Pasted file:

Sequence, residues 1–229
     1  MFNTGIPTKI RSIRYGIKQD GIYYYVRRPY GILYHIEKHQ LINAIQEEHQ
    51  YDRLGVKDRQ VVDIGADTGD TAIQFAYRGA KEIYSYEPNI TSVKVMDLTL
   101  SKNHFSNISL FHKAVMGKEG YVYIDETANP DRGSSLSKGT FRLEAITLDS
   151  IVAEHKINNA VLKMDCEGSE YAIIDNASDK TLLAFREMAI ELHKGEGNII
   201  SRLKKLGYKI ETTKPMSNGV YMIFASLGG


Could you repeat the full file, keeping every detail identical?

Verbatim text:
Sequence, residues 1–229
     1  MFNTGIPTKI RSIRYGIKQD GIYYYVRRPY GILYHIEKHQ LINAIQEEHQ
    51  YDRLGVKDRQ VVDIGADTGD TAIQFAYRGA KEIYSYEPNI TSVKVMDLTL
   101  SKNHFSNISL FHKAVMGKEG YVYIDETANP DRGSSLSKGT FRLEAITLDS
   151  IVAEHKINNA VLKMDCEGSE YAIIDNASDK TLLAFREMAI ELHKGEGNII
   201  SRLKKLGYKI ETTKPMSNGV YMIFASLGG